I've been doing some reading about DIAD activities lately. DIAD stands for done-in-a-day. The idea behind the type of DIAD hiking activities I've been researching is to pick a hike that might take two or even three days for typical completion and finish it in one day.
During the waning part of August, 2008 I had my sights on the Crazy Mountains, a small range in Southwest Montana better known for it's grazing cattle and timber land than for backpacking. Using a combination of Google Earth, digital 7.5 min. quadrangle maps and National Geographics TOPO! program I determined the route I was too take through the Crazies. My plan was to head up the Trespass Creek trail, over a pass, down into the Sweet Grass drainage, then up a different fork of the same creek, over another pass (one without a trail), and finishing by walking down and out the Cottonwood Creek trail back to my car. This trip was twenty plus miles and I was hoping to summit Conical Peak in the middle of it so I knew it was going to be a stout set of miles.
I usually hike solo and because of this I prefer to be prepared, having no one to rely on in the event of an emergency or stranding. I decided I would attempt the hike in a one-day push but would carry a limited backpacking kit (shelter, insulation, cooking gear, et al) in the event the weather turned poor or I the terrain dished out more than my endurance could handle.
I had a commitment on Friday night which I attended but left immediately afterward and headed to the Cottonwood Creek trailhead arriving about midnight. The weather folks were warning about possible nastiness so I had opted to bring my Golite Shangri-La 2 shelter which fairs well in the event of snow. I set it up in the parking lot at the trailhead and sat on the hood of my Subaru downing the pint of Old Milwaukee I'd brought along for the occassion. The stars came out and the night was beautiful for a sleep out.
I awoke at dawn, packed my bag and headed up the trail. I encountered a man and his son readying themselves for six days of mountain goat hunting, two groups of two backpackers, and a man as his four daughters outr backpacking. I didn't expect much traffic but this was Labor Day weekend so then again it didn't surprise me all that much. I made excellent time, hitting all the marks I was hoping to and as I approached Conical Peak I saw no reason I couldn't summit it and still be back to my car before dark.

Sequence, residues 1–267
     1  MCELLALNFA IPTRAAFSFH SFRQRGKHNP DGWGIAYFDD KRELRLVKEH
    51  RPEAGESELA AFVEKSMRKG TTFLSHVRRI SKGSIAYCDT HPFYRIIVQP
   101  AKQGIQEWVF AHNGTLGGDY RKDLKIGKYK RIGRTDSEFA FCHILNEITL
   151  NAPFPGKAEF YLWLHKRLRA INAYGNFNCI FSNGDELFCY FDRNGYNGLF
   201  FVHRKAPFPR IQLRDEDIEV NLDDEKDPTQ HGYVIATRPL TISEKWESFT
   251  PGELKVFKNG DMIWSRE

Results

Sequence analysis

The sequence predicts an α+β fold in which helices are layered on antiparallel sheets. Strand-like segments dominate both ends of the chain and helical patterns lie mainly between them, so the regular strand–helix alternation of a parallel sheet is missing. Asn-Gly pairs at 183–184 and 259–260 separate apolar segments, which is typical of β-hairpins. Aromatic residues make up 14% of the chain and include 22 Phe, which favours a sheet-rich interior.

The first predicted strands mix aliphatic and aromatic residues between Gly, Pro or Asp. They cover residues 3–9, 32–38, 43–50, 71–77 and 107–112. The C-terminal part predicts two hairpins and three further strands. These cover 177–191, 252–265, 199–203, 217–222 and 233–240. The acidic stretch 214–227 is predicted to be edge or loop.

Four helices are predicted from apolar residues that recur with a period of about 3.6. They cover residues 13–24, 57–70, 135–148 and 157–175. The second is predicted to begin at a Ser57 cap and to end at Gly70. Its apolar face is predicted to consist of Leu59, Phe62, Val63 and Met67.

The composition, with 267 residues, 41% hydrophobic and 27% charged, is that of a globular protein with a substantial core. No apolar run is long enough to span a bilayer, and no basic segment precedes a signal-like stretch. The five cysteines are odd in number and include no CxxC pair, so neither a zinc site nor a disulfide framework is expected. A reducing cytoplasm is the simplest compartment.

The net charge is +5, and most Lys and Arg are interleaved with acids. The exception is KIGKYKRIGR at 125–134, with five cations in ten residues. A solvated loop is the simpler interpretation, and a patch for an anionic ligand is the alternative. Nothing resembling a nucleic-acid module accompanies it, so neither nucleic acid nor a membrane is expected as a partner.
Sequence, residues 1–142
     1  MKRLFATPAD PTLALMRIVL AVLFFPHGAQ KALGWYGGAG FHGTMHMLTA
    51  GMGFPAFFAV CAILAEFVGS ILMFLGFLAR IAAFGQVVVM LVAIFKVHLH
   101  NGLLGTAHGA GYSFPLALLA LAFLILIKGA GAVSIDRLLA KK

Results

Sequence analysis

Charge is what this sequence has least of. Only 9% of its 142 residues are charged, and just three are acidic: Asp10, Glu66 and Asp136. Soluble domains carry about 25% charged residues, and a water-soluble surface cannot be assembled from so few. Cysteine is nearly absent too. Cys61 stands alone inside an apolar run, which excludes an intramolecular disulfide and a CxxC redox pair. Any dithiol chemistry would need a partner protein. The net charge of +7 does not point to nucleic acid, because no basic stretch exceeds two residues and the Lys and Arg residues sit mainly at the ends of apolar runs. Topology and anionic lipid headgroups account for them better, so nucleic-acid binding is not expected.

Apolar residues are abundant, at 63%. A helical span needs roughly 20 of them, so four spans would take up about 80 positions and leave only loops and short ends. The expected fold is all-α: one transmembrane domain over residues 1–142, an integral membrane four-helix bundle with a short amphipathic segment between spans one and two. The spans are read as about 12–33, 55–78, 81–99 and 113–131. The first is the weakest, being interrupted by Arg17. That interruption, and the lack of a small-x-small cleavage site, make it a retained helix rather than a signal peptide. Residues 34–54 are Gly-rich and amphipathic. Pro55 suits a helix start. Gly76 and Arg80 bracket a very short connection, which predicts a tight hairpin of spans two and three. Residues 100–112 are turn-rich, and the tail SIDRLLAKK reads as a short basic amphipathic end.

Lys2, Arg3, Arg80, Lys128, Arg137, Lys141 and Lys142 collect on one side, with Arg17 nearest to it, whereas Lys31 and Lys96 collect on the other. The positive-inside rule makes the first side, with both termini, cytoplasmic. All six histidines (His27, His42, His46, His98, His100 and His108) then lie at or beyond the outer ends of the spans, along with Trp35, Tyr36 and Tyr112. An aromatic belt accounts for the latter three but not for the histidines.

The sky had been having trouble making up its mind as to what the clouds wanted to do. Big, ugly, black, menacing looking things had been rolling in and out all day and as I began the couple thousand foot climb to the summit of Conical it became very cold and began to rain. As I progressed another hundred feet the rain was turning to snow and a white, blinding fog was enveloping all around me. I realized very quickly that a summit of a mountain doesn't mean a lot to me without a view so I turned around and headed back to lower ground. If it did start snowing seriously I knew I was going to either have to make a dash over the trail-less pass I needed to cross to get back to my car, or camp below Conical Peak and hope the next day was warm enough to melt the snow which would have made the off-trail crossing difficult.
As I lost elevation the weather decided to be silly again and the sun came back out and warmed everything up. I made my way toward the steep, loose, rocky pass that from my vantage appeared to have some class 3 and 4 sections required for crossing. The group of backpackers consisting of the man and his daughters had told me they had made their way over this pass the day before (only in the opposite direction) and considering that these were kids aged in their pre to teens I figured I could probably do it successfully as well. I headed up the pass and made a couple poor route decisions which put me into about ten minutes of climbing that was a bit over the edge of safety. It wasn't anything I'm incapable of, but it was certainly stuff that could lead to danger had I made a wrong move.
The wind was howling atop the pass but the view was gorgeous and I knew I still had ample hours of daylight and only a few miles of trail hiking in front of me. I descended to Cottonwood Lake and found the trail down along creek. This trail was in great shape and the second half consisted of a well-graded road (used to access some land-locked private property). I arrived at my car before dark, relaxed with the other pint of Swill I'd brought before jumping into my rig for the drive back to Bozeman.
Driving along the fifteen mile gravel road back to the highway the weather really decided to kick it up a notch. A heavy rain began to fall complete with thunder and lighting. I drove slowly home thinking how nice it was I'd finished the loop in a day and not having to deal with the weather. But all the while a parallel thought was coursing my synapses, and that was that I just knew the next morning would have provided me a brilliant covering of snow and I would've awoke to the glistening beauty of a snow-covered alpine lakeshore. Alas, the time will come soon enough for lots, and lots, and looooots of snow. I'm curious, what would you have done?